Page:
And We Thought Java was the Same Everywhere!

Java. It’s that old language that runs code in a highly bloated virtual machine at slow speeds and terrible performance, especially on the Web. On a local PC, a Java’s just pure slow, but on the web Java can be a real headache. However, it has its benefits too — or so we thought. There are only two reasons someone would use Java in a website today: they wanted to write a complex program/script really quick and they needed it to just work regardless of browser or platform. After all, Java is Java, no matter if you’re on Windows, Linux, or Mac; or use Firefox, Opera, or even Internet Explorer… But it’s not!

First, to clarify: this isn’t an article about Java, and it especially isn’t an attack on Java, not today. This is about Opera 9, the wonderful and highly-innovative browser that can do anything and everything with less memory than its competitors and with much less time too. But it breaks Java.

The reason isn’t clear, because unlike older versions of Opera, Opera 9 doesn’t have its own special version of Java or use it in a ‘broken’ way. The extent of Opera’s innovation in this field with Opera 9 is interfacing directly with Java — unlike all other browsers it doesn’t need a plug-in to connect to the JRE, instead it finds the executable files on its own and embeds them in a browser window.

If all what Opera does is run the JAR on its own, then simply stick it into the browser, there is no reason anything should go wrong. Its fairly straight-forward, but apparently something is wrong.

The particular manifestation of this bug is something we’re experiencing with our Gallery which has a script used to modify and crop the thumbnails used for our pictures. It has a movable box to select the area visible in the thumbnails, and in the bottom-right corner of this box is an anchor that can be used to re-size the box.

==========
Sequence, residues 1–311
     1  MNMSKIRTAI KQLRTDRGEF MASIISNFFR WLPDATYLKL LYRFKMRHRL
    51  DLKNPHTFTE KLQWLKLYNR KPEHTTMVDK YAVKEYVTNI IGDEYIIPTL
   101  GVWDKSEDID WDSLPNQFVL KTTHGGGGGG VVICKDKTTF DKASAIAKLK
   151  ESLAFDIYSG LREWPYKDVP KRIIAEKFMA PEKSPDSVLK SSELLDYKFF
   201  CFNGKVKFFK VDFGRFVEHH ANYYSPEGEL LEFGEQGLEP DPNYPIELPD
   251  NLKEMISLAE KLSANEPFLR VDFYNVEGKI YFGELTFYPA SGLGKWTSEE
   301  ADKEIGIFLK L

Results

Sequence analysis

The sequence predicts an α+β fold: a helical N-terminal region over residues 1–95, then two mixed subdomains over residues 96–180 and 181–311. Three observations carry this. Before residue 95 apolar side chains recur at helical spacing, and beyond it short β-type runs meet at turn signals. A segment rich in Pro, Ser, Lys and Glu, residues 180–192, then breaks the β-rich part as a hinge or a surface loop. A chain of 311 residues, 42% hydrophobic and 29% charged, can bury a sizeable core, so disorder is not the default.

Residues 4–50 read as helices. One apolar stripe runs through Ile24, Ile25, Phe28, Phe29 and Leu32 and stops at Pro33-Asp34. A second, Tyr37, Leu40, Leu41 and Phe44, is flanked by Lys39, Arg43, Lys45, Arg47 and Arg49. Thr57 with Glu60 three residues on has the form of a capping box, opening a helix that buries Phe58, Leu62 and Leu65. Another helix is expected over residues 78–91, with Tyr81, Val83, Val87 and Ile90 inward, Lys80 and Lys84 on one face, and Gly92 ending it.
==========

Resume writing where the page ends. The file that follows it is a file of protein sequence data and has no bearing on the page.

In Firefox, Safari, Netscape, and Internet Explorer, it works great:
How it looks on Bon Echo & IE7

But in Opera, moving the box resizes it, and resizing it locks it from moving; and no matter how are you try, you can’t get the box to span the entire image.
Messed-up resizing on Opera

The interesting thing is, Opera is the only one that displays the picture correctly without the pixelization, yet it alone can’t re-size the right way. In the other browsers you have the grey translucent shadow, but in Opera it’s missing.

All this brings us to the question: whose fault is it? Does Opera incorrectly use the JRE, or is the JRE actually platform-dependant, but for the ‘compatibility layer’ presented in the plug-in? Why does this happen with Opera alone? And most importantly: with AJAX and Flash, is Java dead?

7 thoughts on “And We Thought Java was the Same Everywhere!

  1. Nope – not in a million years.

    Can’t remember the source, but the top online language was PHP, and offline is C .
    Java has been on the decline in terms of true usage for years, and is usually used only certain Windows open source projects, while most other OSS software is in C, and the great majority of all commercial/business applications are in C .

    Look at the facts: the official libraries for the big stuff (Windows API, Wine, DirectX, OpenAL, network stacks, basically anything that you would use to code) is in C .

    At best, Java is used to create proprietary solutions to framework-less applications — for instance if you want to use existing programs/command-line scripts and a GUI to it, or anywhere where you aren’t technically coding the libraries themselves in Java, it’s an OK language and the easiest (well.. now that there is J# and C# that’s debatable) to use – but if you have to write/use libraries directly, it’ll result in more work.

    The most important thing to look at on that ‘index’ is the source of the info: namely, the ‘professionals’ in those fields. That’s a very biased look at the languages, Java is required learning material for any college or university, and it’s easier than the other language: C. Java is everyone’s strong language, but that doesn’t make it the language of applications today.

Leave a Reply

Your email address will not be published. Required fields are marked *